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October 16, 1954


Author Affiliations

Rochester, Minn.

Fellow in Plastic Surgery (Dr. McWhorter), member of Section of Plastic Surgery and Laryngology (Dr. Figi), and member of Section of Surgical Pathology (Dr. Woolner), Mayo Clinic and Mayo Foundation. Dr. McWhorter is now practicing in Toledo, Ohio.

JAMA. 1954;156(7):695-698. doi:10.1001/jama.1954.02950070023006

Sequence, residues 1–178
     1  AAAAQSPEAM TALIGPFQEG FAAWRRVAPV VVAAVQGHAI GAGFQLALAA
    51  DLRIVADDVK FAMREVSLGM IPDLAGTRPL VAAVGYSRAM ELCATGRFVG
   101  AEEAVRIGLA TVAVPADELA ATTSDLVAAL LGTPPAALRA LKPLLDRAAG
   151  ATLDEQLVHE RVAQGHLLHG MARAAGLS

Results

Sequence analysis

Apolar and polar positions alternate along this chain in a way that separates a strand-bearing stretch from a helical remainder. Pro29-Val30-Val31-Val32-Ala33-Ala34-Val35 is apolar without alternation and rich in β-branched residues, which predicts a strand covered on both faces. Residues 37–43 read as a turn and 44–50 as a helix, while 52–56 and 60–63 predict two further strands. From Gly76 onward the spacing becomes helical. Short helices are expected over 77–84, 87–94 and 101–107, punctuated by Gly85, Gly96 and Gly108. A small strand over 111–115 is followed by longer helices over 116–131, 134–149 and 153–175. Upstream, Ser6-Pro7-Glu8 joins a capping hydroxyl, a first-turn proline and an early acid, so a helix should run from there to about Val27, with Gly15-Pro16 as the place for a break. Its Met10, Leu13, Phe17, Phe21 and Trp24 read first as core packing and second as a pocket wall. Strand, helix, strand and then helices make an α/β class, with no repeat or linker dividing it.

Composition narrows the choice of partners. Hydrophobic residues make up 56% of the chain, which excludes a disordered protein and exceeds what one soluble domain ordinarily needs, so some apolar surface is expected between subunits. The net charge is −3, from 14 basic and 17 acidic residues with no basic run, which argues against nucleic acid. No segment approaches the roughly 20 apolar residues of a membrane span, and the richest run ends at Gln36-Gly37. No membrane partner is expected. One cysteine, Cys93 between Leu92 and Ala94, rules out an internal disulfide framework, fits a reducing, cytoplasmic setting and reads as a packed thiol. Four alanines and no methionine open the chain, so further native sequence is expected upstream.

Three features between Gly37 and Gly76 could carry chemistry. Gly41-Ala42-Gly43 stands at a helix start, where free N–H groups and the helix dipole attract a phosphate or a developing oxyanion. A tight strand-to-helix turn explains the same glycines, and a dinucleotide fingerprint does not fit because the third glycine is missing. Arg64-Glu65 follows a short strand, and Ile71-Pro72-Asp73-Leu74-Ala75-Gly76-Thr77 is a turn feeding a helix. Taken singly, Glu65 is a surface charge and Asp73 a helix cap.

The concept originally proposed by Pack1 that malignant melanomas of childhood tend to follow a benign course has been cited repeatedly in medical writing. Theories of Pack1b and of Spitz2 that some as yet unknown hormonal influences inhibit malignant melanomas during childhood and stimulate them after puberty to become highly malignant also find frequent mention. Opposing this view have been reports of a small number of childhood lesions that appeared to be malignant melanomas histologically and clinically.3 Reflecting this background, the treatment of pigmented tumors in childhood is subject to contradictions and confusion. Conservative treatment of childhood malignant melanomas advised by Pack1b is at variance with suggestions for radical excision and dissection of lymph nodes.4 Such formidable ideas as the prophylactic removal of all childhood pigmented nevi have been offered.5 Largely resolving these problems, Allen and Spitz6 recently presented a new and logical

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